Photo courtesy Johnny Hubbard
Lifelong Jackson native Johnny Hubbard has served as an adjunct professor of jazz education at Jackson State University since January 2015. He also served as interim coordinator of jazz studies within the JSU's department of music from September 2020 until May of this year, when he left the position.
In addition to his professorship, Hubbard serves as director of JSU's secondary jazz ensemble and the university's Jazz Combo group, which is a smaller group of four to five players.
"I feel that it's my mission to work with students who may have no prior experience with jazz and show them how to approach the genre," Hubbard says. "I love being able to teach aspiring musicians about all the history and tradition behind the music."
Hubbard grew up attending Jackson Public Schools and graduated from Lanier High School in 1990 before enrolling at JSU, where he played tuba for the university's Sonic Boom of the South Marching Band, string bass for the JSU Symphonic Wind Ensemble and Orchestra, and electric bass for Jazz Ensembles I & II.
In 1995, Hubbard postponed his studies with JSU before graduating and entered the workforce. He began working as a performing musician in 1999 at the Hilton Hotel in Jackson for five nights a week, playing alongside a jazz pianist, which he did for over four years. He returned to JSU in 2008 to finish his degree and to work as an assistant professor. He received his bachelor's degree in music education in 2009 and a master's degree in the same subject in 2011. While finishing his degree, Hubbard also began mentoring the JSU Jazz Combo group during the fall of 2010 and spring of 2011.
Hubbard established his own music business, JH Music Enterprise, in 2008. There, he teaches music lessons and chart arrangements for school ensembles and various artists. He also completed a weeklong drill design program in Dallas, Texas, under the leadership of drill designer Dan Ryder in order to expand into the field. Drill design refers to the drills that marching bands perform at large events such as halftime shows.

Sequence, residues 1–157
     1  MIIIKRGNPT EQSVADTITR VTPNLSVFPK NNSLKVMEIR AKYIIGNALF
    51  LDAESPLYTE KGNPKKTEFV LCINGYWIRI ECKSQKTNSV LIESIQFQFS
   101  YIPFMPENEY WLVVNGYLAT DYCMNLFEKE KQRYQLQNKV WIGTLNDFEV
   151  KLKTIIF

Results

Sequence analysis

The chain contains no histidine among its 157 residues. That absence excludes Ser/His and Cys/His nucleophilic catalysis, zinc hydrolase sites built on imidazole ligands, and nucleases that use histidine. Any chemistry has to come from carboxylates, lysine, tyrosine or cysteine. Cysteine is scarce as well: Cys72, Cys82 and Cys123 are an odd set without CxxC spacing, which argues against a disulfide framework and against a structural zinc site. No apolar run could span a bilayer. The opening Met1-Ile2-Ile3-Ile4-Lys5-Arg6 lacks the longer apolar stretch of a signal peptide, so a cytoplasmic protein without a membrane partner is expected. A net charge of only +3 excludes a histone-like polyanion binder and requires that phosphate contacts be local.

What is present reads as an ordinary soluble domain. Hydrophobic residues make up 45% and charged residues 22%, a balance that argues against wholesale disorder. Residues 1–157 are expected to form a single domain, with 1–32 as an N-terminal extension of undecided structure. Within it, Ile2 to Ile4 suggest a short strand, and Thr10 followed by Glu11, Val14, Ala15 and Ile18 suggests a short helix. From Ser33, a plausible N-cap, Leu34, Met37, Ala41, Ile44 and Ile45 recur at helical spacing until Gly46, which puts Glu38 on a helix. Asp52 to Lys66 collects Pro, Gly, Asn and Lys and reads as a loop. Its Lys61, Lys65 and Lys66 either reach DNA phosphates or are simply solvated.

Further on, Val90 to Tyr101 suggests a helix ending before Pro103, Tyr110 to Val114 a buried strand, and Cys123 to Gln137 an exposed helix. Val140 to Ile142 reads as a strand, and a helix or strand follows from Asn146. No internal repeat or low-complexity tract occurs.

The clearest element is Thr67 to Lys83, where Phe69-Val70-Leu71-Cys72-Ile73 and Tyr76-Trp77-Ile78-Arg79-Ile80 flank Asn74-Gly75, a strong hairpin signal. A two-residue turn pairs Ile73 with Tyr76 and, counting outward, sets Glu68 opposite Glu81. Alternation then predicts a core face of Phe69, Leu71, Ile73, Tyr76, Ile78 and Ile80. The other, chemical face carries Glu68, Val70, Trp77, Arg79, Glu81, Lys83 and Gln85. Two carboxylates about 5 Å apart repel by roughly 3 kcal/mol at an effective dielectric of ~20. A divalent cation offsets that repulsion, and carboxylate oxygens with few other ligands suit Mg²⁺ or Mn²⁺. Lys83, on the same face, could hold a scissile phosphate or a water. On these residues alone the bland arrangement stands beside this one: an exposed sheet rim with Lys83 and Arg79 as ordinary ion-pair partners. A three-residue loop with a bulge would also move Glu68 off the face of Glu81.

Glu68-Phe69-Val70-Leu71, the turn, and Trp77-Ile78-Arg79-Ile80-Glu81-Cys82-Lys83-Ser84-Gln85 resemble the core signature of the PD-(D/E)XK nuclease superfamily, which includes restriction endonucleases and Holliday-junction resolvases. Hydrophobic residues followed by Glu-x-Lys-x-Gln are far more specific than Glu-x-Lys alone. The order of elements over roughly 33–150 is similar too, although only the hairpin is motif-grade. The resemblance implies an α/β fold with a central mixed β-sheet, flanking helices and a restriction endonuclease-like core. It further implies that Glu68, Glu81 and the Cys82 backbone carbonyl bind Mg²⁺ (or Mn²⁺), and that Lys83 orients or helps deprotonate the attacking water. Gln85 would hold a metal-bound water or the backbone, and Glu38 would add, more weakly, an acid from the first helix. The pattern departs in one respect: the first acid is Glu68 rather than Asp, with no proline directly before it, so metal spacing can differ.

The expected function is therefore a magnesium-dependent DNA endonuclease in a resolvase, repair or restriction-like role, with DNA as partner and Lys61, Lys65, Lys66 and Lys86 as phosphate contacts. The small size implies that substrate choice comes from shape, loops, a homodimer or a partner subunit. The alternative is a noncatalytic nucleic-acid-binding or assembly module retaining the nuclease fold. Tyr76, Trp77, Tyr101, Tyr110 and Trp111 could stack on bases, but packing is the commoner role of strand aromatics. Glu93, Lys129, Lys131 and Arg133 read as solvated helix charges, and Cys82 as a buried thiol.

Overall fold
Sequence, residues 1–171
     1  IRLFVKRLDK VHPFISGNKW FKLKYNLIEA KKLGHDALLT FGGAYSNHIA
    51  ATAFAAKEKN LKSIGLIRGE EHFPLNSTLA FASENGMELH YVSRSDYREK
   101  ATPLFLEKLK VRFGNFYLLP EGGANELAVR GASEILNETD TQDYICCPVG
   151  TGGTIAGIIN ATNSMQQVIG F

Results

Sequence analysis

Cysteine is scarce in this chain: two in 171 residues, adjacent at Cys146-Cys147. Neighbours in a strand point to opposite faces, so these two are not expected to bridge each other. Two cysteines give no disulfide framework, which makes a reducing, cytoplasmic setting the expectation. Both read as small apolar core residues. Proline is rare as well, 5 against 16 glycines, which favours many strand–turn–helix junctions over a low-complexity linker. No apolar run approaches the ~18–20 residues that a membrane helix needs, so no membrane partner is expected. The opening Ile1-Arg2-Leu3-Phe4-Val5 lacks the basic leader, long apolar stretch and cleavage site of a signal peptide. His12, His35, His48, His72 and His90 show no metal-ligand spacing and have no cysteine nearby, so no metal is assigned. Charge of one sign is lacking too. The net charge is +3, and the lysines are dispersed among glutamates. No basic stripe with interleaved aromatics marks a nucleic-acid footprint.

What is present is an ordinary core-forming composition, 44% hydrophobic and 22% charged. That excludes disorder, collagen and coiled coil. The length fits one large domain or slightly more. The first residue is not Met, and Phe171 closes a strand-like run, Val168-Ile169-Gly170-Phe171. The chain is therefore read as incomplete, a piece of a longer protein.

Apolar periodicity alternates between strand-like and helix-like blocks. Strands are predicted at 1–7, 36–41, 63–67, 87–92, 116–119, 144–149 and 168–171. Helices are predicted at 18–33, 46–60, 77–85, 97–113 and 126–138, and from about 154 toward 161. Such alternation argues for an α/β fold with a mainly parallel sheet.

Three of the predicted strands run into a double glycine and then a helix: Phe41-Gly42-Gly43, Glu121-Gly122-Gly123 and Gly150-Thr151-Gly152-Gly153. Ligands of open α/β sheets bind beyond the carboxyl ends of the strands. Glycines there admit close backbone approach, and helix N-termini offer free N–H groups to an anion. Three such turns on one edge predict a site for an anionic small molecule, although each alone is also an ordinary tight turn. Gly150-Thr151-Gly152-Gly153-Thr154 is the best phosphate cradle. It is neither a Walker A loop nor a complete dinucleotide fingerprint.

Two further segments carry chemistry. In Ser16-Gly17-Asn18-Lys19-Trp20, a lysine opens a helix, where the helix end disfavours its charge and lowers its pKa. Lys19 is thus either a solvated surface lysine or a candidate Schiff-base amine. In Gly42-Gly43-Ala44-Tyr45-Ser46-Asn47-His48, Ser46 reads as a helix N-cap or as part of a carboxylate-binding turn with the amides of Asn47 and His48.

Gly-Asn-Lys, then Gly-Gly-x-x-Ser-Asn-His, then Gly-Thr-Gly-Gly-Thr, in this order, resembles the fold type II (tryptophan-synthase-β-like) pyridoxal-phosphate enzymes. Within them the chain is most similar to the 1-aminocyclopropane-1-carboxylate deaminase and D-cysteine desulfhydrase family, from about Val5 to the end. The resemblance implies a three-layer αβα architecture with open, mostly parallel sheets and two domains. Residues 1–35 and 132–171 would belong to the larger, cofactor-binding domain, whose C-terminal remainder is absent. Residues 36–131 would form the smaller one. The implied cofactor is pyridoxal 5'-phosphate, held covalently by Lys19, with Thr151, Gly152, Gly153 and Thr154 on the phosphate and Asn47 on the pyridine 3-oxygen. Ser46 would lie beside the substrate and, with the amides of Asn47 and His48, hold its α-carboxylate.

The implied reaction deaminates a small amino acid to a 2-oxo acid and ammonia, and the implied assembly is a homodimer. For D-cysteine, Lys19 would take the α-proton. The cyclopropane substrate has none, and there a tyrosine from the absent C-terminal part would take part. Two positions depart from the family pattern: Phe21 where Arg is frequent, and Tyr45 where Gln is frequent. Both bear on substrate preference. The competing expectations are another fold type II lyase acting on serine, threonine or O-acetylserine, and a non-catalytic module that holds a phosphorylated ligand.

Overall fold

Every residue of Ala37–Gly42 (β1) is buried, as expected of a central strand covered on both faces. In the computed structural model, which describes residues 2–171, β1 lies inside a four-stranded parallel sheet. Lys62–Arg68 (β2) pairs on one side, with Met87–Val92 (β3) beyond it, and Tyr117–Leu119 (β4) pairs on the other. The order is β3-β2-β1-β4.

Over the course of his career, Hubbard has performed alongside artists such as Cassandra Wilson, Wallace Roney, Steve Turre and Bobby Watson and appeared as an upright bassist in the 2014 film “Get On Up.” The Mississippi Jazz Foundation named Hubbard as an honoree of the organization's Distinguished Service Award in November 2019. The award recognizes jazz musicians and educators for consistent growth and commitment to musicianship and creativity.
"I felt privileged and honored to receive such an award from a foundation that brings so many artists with incredible style to perform here in Mississippi," Hubbard says. "I am continually searching for opportunities to inspire, encourage, mentor and train young musicians through the advancement of jazz education and the promotion of performance. I am grateful to all my former band directors and others who mentored me throughout my career, and I feel that spirit of gratitude is what makes me realize the significance of what I do as a music educator."
Hubbard and his wife, Latoya Hubbard, have been married since 2009 and have an 11-year-old son named Jayden.